What Happens to Our Homes When Mortgage Companies Fail?
This question has been bothing me for a bit. My experience is in science & engineering so I’m not too good at figuring out economic questions.
When TSHTF and the mortgage company or bank who holds your mortgage go out of business, what happens to your houre? I’m sure the mortgage will eventually get sold to someone but there will be some time of turmoil in the mean time while everyone decides what to do. Is there a worse case situation where some authority would come and close the house until something is decided? I wouldn’t think this situation would happen since millions of people would be kicked out of their homes which would cause civil unrest. The reason I’m thinking this is that it may not be important if you own your house now since under an economic callapse the house (most likely) won’t be taken away. I wanted to get some of your insights.
You mortgage company would have borrowed the money to lend to you from someone else, so the mortgage will instead belong to that person/ company. You won’t get kicked out of your house. That would destroy its value. It is just that in due course your mortgage payment will be to a different person.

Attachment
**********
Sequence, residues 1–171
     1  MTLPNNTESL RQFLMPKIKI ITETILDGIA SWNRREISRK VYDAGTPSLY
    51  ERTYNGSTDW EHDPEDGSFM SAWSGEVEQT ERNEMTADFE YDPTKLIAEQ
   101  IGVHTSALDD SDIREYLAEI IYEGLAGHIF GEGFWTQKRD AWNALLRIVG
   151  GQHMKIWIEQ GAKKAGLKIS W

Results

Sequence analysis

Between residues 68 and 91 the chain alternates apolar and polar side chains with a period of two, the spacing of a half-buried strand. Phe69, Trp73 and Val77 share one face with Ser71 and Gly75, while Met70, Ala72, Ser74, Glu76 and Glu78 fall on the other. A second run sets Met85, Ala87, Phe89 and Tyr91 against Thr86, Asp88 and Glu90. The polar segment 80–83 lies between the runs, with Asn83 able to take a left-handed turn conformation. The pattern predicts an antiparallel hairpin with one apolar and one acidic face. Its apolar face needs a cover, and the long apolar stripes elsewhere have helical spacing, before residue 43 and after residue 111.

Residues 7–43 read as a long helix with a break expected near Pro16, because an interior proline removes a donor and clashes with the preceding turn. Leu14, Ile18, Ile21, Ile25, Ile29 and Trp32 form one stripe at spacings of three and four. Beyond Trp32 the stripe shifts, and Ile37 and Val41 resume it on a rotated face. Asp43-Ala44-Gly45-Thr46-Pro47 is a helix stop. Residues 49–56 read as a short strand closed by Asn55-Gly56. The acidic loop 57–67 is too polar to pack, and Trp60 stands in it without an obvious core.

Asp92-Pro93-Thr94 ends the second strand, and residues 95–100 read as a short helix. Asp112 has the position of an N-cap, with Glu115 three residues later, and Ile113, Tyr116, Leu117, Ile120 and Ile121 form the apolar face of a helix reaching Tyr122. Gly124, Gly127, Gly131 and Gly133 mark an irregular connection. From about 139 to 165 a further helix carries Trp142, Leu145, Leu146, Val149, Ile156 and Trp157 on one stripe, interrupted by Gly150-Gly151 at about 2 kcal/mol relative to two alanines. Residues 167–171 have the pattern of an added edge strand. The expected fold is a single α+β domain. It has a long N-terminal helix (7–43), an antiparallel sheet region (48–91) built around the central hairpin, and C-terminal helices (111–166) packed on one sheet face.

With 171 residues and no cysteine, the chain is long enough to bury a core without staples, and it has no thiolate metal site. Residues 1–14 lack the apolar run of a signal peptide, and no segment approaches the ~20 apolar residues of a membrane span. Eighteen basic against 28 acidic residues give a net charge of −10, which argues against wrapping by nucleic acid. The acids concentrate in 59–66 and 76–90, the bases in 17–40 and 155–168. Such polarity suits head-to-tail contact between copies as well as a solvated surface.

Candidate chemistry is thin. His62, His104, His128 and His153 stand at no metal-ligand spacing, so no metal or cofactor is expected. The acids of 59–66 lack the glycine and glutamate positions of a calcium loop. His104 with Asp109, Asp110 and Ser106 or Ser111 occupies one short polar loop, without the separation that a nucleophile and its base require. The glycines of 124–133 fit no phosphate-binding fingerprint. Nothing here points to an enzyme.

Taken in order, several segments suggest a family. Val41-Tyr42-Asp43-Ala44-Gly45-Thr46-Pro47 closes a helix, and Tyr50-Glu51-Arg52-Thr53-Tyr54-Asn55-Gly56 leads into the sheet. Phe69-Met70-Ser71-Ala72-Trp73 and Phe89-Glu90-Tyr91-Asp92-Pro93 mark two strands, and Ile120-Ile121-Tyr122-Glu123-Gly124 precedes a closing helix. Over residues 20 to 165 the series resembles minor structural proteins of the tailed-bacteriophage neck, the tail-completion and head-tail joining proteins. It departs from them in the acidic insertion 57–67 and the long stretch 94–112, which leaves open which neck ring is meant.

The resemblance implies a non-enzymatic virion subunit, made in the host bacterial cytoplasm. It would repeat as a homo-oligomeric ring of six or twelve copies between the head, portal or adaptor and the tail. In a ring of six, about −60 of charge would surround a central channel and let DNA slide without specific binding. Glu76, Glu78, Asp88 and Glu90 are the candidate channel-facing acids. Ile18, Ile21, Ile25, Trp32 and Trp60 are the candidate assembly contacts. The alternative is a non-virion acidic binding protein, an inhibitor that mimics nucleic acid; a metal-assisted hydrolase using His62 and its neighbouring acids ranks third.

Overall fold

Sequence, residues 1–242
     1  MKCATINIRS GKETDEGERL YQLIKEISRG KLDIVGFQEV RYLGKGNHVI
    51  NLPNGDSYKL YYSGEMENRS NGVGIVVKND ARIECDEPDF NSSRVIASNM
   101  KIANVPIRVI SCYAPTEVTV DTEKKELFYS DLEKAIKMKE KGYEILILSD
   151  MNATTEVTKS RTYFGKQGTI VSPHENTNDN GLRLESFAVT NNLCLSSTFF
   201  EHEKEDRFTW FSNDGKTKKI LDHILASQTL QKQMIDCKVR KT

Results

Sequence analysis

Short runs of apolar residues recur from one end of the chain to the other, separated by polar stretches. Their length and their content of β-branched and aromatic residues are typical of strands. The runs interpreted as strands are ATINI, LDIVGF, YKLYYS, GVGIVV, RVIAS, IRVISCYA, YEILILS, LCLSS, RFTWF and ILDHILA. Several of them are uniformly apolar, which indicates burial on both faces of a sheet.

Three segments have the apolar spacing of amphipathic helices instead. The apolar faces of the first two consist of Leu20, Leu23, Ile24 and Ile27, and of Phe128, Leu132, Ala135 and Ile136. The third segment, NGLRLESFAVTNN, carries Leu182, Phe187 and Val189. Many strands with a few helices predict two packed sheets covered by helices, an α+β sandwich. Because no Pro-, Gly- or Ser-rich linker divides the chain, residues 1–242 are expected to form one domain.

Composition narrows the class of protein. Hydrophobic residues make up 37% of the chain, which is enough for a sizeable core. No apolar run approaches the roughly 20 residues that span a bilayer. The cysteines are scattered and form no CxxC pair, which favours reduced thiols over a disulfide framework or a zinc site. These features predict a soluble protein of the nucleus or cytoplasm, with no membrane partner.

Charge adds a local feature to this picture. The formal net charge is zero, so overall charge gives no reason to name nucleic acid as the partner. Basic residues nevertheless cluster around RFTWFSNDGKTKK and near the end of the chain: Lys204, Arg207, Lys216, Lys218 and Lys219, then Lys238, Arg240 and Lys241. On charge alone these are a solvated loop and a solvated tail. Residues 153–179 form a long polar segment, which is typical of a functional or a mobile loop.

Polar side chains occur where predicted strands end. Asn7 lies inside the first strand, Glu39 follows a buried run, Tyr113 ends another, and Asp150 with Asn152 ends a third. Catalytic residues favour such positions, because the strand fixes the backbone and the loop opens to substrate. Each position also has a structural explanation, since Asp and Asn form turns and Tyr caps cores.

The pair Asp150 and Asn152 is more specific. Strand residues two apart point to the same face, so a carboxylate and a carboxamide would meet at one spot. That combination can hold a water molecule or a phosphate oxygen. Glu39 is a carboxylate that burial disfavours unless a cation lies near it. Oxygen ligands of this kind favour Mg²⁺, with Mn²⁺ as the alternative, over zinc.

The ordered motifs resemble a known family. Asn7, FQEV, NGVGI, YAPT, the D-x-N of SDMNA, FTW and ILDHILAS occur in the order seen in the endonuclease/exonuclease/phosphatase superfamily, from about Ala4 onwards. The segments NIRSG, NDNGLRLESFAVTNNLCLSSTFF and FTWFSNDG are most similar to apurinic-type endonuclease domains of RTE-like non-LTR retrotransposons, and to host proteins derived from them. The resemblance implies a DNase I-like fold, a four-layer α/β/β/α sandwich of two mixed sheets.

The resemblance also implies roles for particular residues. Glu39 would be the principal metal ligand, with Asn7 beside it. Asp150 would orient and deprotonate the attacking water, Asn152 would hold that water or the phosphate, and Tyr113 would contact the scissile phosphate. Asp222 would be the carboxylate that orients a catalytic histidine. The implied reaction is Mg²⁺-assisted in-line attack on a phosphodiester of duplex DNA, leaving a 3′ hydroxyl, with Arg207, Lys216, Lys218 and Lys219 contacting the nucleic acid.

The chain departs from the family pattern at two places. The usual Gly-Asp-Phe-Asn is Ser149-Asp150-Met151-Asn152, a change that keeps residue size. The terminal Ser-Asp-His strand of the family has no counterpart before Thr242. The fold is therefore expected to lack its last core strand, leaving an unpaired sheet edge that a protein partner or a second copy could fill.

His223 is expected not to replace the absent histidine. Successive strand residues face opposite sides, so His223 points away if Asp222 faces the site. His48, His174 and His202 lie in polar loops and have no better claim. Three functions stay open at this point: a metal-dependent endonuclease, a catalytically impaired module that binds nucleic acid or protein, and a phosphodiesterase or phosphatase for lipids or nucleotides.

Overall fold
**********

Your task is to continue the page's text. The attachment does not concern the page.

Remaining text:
It shouldn’t affect borrowers. Bankruptcy is simply a shift in capital structure as the assets are sold to competent institutions–your loan being one of those assets. They’d rather have a paying borrower on a mortgage than an undervalued house.
Of course in total TSHTF who knows what happens? Most likely the guy with the biggest gun in your neighborhood or the most corrupt team of cops in your county gets the house.
In my mind, short of a total breakdown in government, the worst that could happen (and this wouldn’t be a bad thing really) would be a case where liquidity became such an issue that the holder of your mortgage might like to have their money sooner. The same might be said in a protracted hyperinflationary environment, i.e., >100% . You really wouldn’t be legally obligated to pay the mortgage holder any faster, but to gain liquidity or stem losses, they might discount the mortgage to an extent that it might be a good deal for you to buy it back. Why would they want to keep holding a mortgage if starts looking like it will probably be a loser?
Just thinking about this, makes me wonder. If mortgage holders are illiquid and need to raise money, why aren’t they doing something like this already? Congress is talking about cram downs by courts, which would be similar, but would set a terrible precedent in respect to contract law, and even after writing it down the mortgage holder would still be facing further risk of default. But say the holder of my mortgage approached me with an offer to sell it back to me for .50 on the dollar, I just might be induced to find a way to buy it back from them.
When a mortgage lender promotes any business, there is always confusion among the borrowers. The mortgage company has a chance to recover the failure in chapter 13.